Christopher also shared the structure of a True Story workshop with our team, giving us valuable insight into how to foster space for the ideal playback environment. Their warm up usually features an activity to create a physical connection with the group — which was adapted for both the Zoom and in-person environments. In our workshops, we noticed that the warm-up activities played a large role in setting the tone for engagement with the provided datasets, and the outcomes of each activity. Our conversation with Cristopher cued us into the importance of adapting our warm-up activities for the specific community groups we work with, honoring the contextual space (academic, business, social/religious, etc.) He also shared the value of a warm-up activity that introduces a useful theatrical tool to the group, such as a question prompt or mental exercise. This insight will be a part of our continued conversations in how to translate our work outside of the theatrical environment, and into environments with community partners (which may have limited exposure to participatory theatre toolkits). The interplay between “personal and collective” storytelling may not feel natural at first, but establishing an environment that can assuage fear or hesitancy may encourage participants to accept this invitation.
Furthermore, Christopher shared some challenges commonly faced by playback theatre artists, which may arise as we translate our work outside of the university. Christopher acknowledged that “We expect every topic to meet some emotional resistance,” and that past experiences must be acknowledged and validated in order to help release them. Some of his advice:
- Creating emotionally safe spaces can facilitate work with traumatic or difficult topics.
- Utilizing small groups to reflect on a less intimidating scale is one way to enable story-sharing, as many individuals fear the spotlight when tapping into vulnerable places
- Frequently, the opportunity to resonate and respond to representations of other experiences within a group also helps some participants overcome resistance or hesitation — within limits.
- Hearing other painful and traumatic experiences could trigger collective social trauma, and it is important to tread lightly.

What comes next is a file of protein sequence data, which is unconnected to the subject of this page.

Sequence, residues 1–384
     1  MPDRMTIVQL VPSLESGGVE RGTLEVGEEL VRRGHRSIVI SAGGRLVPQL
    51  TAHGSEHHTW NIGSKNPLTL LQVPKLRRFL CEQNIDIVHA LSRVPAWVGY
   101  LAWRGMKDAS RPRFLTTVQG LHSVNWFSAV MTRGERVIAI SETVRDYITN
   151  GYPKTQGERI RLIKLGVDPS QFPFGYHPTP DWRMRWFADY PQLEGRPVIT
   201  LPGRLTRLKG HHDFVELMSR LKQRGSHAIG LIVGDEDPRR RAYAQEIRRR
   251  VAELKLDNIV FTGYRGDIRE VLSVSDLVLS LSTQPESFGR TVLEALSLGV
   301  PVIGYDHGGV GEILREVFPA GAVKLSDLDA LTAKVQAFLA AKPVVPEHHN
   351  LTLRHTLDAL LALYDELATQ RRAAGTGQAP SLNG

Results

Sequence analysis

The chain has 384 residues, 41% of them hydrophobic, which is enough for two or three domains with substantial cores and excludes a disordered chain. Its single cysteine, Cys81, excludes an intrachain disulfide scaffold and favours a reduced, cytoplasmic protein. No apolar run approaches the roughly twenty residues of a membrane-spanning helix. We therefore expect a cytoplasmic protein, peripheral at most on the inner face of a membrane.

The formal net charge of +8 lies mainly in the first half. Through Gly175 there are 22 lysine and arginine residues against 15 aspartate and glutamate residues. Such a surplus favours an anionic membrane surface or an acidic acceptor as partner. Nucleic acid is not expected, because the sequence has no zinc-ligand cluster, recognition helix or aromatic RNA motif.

Christopher noted, “We are not looking to hit your over the head with traumatic experiences. We are looking to find the right balance of hearing what the reality is of other people’s pain and struggle with the incredible resources within the individual and within the collective groups.” Finally, Christopher emphasized the importance of recurrent check-ins and evaluations with people on multidimensional levels, ranging from small group discussions, big group discussions, and even stand-alone reflection events. In utilizing some of these tools to open the door of data embodiment, we must be mindful in creating space for careful reflection of raw, vulnerable, and often unfamiliar emotional experiences that may arise in the process. Using these techniques to aid in our goal of reconnecting traditional data representations with authentic human experience will help us build empowerment and challenge power structures; however, we must take into account the necessary scaffolding and infrastructure.
Data Viz and Theatre Can Reinforce One-Another
Our second interview, with information designer Federica Fragapane, focused on interdisciplinary context of our work. Learning about the interplay between Federica’s work in the information design realm and in the production of her original plays gave us valuable insights in how a multi-faceted creative toolkit can enhance the experience of audience members/participants. While it may seem that this cross-disciplinary approach is complex and lofty, developing data visualization tools alongside her performances clarified the impact of her work through engaging multiple senses. Federica described her frustrations with the marked difference in perceived value of her originally separate work in information design and theatre, and how this influenced her journey into combining them. While her work in the theatre was one equal side of her career passions, she acknowledged that the arts were not valued or supported in the same way in her community as her work in information design for crime analysis. Federica’s explorations in combining elements of graphic and visual design with theatre were born out of this frustration; she discovered that her work in the data viz and theatre fields influenced each other:
“Telling stories is wider than just numbers.”
Designing visual shapes based off of character relationships, through height and distance, helped her understand her characters on a deeper level. From studying the length of words and sentences as well as developing sensors to detect and project movements behind the actors visually, Federica discovered that the resulting visualizations amplified what was happening on stage. She noted, “I like theatre to be straightforward for the audience,” and “bringing organic shapes to data… can really help in giving them a little more life and showing them as something that is not as abstract as a number.”